10 August, 2010
HMRC clearly went for the big win in this match and referee Mr Justice Mann identified two attacking strategies in play: firstly a conviction that CVA arrangements that do not treat all unsecured creditors equally are unfair and secondly a "deep-rooted antipathy to the football creditor rules" which is putting it mildly.
HMRC put a lot of pressure on the referee to issue a straight red to the football creditor rules (which require clubs to pay players and other clubs to avoid points penalties and other league-imposed sanctions) and to rule against the FAPL and Football League insolvency rules penalising clubs which do not come out of administration via a CVA and expelling from the league clubs in liquidation. Commenting that FAPL and the Football League were not on the pitch to defend their goals and that HMRC had a grudge match lined up against FAPL in the High Court for later in the season, the referee kept his cards in his pocket and waved the claims away.
Over two days HMRC had five shots at Portsmouth and its CVA and even without David James, Portsmouth's team kept a clean sheet and hit HMRC on the break.
The referee rejected HMRC's suggestion that if the CVA did not go ahead Portsmouth could soon bring on a substitute purchaser and find more money for creditors. The Court found that unless there was a successful challenge to the football creditor rules and League insolvency rules "there is no way in which worthwhile money is likely to flow into this insolvency…other than via the CVA."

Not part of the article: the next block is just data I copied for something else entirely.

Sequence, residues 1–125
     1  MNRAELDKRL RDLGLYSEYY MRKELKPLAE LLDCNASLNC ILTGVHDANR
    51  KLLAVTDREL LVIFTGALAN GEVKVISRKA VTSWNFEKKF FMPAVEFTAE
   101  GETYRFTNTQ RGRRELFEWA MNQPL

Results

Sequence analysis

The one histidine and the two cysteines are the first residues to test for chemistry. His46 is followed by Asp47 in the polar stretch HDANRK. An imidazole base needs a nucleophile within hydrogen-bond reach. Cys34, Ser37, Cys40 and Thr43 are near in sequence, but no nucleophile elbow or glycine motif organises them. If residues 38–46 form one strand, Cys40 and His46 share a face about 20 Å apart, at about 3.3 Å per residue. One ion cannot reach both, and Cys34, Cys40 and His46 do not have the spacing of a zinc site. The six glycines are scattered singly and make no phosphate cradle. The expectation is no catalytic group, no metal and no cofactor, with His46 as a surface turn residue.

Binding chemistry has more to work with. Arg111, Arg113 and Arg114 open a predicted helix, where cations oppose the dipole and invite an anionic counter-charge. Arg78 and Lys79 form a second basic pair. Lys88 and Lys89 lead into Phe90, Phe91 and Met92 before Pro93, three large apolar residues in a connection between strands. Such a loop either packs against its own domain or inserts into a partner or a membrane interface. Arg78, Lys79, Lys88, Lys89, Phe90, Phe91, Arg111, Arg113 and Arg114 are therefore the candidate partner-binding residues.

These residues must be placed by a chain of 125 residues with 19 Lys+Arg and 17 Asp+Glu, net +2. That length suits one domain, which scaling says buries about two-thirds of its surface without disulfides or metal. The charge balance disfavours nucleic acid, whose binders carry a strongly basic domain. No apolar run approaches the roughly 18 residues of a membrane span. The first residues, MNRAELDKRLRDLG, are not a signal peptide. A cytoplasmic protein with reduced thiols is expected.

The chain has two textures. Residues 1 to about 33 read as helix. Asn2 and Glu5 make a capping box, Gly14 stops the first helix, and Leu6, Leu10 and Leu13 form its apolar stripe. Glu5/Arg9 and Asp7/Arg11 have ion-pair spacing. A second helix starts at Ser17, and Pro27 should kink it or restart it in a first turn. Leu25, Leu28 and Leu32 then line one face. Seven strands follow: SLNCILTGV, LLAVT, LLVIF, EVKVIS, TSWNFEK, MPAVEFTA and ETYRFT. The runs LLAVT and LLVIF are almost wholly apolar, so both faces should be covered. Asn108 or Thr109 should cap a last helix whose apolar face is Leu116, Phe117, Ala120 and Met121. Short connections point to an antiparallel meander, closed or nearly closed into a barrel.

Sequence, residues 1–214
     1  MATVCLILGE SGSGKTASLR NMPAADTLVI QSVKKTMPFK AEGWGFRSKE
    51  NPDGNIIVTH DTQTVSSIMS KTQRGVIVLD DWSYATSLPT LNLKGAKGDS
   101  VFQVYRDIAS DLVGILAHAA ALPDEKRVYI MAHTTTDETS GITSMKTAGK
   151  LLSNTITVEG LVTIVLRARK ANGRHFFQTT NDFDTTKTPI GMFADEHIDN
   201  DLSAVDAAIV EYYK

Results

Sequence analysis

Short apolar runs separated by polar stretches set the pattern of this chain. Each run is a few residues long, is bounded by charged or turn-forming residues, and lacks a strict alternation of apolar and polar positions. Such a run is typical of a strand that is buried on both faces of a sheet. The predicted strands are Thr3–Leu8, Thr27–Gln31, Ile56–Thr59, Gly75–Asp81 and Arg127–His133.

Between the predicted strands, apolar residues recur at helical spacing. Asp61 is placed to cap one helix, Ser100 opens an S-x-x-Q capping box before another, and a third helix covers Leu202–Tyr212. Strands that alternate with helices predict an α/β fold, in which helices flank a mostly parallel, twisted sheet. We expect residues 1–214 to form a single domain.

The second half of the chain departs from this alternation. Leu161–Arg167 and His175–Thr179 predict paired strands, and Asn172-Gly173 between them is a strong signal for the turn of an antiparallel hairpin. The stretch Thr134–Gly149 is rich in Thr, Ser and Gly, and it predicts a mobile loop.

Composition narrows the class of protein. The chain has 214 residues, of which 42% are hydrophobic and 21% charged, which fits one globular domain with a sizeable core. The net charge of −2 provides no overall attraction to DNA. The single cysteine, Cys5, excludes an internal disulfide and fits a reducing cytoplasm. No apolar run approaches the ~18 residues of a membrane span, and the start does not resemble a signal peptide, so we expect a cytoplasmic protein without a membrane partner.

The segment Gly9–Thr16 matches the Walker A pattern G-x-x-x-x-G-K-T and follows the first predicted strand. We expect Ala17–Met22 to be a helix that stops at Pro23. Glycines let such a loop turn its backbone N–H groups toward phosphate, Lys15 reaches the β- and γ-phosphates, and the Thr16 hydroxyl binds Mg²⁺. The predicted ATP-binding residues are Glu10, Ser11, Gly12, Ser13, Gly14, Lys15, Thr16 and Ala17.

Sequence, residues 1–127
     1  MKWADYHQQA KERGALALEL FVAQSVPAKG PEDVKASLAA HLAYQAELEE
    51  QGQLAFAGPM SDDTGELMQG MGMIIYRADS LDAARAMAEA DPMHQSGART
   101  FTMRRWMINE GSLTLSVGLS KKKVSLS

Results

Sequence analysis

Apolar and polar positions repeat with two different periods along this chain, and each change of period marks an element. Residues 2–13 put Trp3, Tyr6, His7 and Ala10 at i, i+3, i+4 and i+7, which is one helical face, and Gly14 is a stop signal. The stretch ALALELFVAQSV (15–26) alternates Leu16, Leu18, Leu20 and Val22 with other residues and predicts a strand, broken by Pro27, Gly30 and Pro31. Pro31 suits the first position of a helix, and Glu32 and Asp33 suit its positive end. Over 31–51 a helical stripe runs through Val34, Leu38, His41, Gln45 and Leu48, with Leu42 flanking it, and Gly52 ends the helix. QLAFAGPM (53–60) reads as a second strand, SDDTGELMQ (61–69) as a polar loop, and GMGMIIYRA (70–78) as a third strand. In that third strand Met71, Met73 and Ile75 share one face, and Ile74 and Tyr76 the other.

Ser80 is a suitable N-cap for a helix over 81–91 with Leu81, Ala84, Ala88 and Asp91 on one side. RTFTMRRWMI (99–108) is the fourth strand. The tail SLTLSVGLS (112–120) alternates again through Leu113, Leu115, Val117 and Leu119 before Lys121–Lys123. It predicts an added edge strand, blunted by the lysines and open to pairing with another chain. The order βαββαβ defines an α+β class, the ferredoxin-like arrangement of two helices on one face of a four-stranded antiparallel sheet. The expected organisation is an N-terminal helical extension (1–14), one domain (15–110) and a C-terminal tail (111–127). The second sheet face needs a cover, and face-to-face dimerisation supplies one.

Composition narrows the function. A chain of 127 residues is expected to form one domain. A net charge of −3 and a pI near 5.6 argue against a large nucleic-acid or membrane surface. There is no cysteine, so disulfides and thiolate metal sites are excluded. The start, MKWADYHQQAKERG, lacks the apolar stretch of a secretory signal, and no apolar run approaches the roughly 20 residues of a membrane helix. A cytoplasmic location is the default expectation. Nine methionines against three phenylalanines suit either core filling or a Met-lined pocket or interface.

What can we learn?
HMRC's decision not to appeal will be welcome on the South Coast but leaves open the issues of the football creditor rules, league insolvency rules and taxation on player EBTs and image rights. There is plenty to play for in forthcoming fixtures. The FAPL is presently trying to get the case on football creditor rules cancelled.
Outside football, the Court took account of general insolvency law principles that not all creditors have to be treated the same for a CVA to be valid and also took seriously the commercial reality that the rules of the FAPL and Football League meant the CVA was the only way to avoid liquidation and financial disaster for Portsmouth. The key point was that CVAs can produce very different results to liquidations but that does not make them unfair provided they are operated properly.
Portsmouth's administrators had a duty to try to save the business before they broke it up through liquidation and the Court has supported the way they interpreted that duty. HMRC wasn't happy with the result but since no foul play was found and it couldn't prove that it had lost out enough to force a replay, the result stands.